"We're like a family, and we comfort each other, help each other out," he said. "The guys like myself and Mario (Manningham) and Kendall (Hunter), who are hurt and can't play, we're still a big part of our success."
Coincidentally, Williams was injured trying to avoid Saints linebacker Jonathan Vilma — one of the players initially suspended in the bounty case — in San Francisco's 31-21 win at the Superdome on Nov. 25. He re-entered the stadium for the first time Tuesday during Super Bowl media day, admitting it felt "strange."
He also said he has an empty feeling, but that would change with a win Sunday.
"Honestly it's been bittersweet because I'm not lacing them up, I'm not going to be able to be out there," Williams said. "But I'm still there with them. I'm playing my role in a sense.
"I'm a semi-coach at this point, helping out the younger guys, whatever I can see on the sidelines. I've got the earpiece in ... I have a limited role right now, but it's my role. I've got to do it."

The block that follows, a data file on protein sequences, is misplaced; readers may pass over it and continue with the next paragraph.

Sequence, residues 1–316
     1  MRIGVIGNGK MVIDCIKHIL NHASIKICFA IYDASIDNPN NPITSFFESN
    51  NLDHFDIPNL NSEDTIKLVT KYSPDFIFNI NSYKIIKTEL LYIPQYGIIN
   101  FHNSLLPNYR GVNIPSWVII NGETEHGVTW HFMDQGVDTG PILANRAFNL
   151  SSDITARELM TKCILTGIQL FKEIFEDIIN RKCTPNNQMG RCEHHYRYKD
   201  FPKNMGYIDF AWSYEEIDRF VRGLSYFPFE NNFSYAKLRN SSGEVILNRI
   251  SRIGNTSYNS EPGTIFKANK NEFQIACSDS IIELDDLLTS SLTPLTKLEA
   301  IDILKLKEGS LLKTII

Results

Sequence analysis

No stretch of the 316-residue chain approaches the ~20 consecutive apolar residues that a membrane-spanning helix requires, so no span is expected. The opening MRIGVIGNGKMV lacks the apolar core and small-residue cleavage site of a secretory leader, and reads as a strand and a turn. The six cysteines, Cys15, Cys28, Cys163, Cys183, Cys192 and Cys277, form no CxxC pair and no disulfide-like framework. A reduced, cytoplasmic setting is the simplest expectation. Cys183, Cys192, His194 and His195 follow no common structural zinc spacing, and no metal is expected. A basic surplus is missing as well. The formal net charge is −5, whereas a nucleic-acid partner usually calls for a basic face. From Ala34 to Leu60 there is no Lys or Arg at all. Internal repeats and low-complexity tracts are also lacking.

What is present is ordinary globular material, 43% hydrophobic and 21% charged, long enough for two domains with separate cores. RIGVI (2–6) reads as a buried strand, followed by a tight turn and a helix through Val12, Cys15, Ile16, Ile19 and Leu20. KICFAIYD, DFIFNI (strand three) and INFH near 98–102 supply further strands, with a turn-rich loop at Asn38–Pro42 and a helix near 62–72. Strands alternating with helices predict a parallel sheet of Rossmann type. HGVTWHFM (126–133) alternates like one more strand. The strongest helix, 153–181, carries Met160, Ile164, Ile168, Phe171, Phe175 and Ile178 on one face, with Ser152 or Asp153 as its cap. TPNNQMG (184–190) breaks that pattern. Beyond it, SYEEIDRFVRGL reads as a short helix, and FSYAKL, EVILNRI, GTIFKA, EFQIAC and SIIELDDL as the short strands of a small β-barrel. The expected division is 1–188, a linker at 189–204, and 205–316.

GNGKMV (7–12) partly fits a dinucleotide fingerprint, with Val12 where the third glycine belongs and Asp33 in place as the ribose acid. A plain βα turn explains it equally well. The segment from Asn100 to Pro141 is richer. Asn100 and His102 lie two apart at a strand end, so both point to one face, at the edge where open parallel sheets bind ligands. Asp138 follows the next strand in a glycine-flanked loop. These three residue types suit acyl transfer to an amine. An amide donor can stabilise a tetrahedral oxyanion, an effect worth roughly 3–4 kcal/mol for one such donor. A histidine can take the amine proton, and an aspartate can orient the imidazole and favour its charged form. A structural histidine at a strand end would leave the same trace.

The 49ers insist upon it. Their general manager, Trent Baalke, spoke with Kenny Williams about the importance of Kyle remaining involved in the 49ers' everyday routine.
Not that the father expected anything less of the son.
"He's been around athletics all his life and he knows there are different factors that go into ultimate team success," Kenny Williams said. "That's one of the things that has been expressed to me from Trent directly is that Kyle's got some leadership abilities and he did not want him to go away like some guys do when they get hurt. He wanted his voice heard and he wanted him front and center with all the responsibilities. I'm glad to hear that he's following through on all that."
Still, Kyle Williams would prefer to follow through on it with a big catch or long punt return.
"It ticks me off, because you want to suit up and help the team and you can't," he said.
AP Sports Writer Janie McCauley in New Orleans contributed to this story.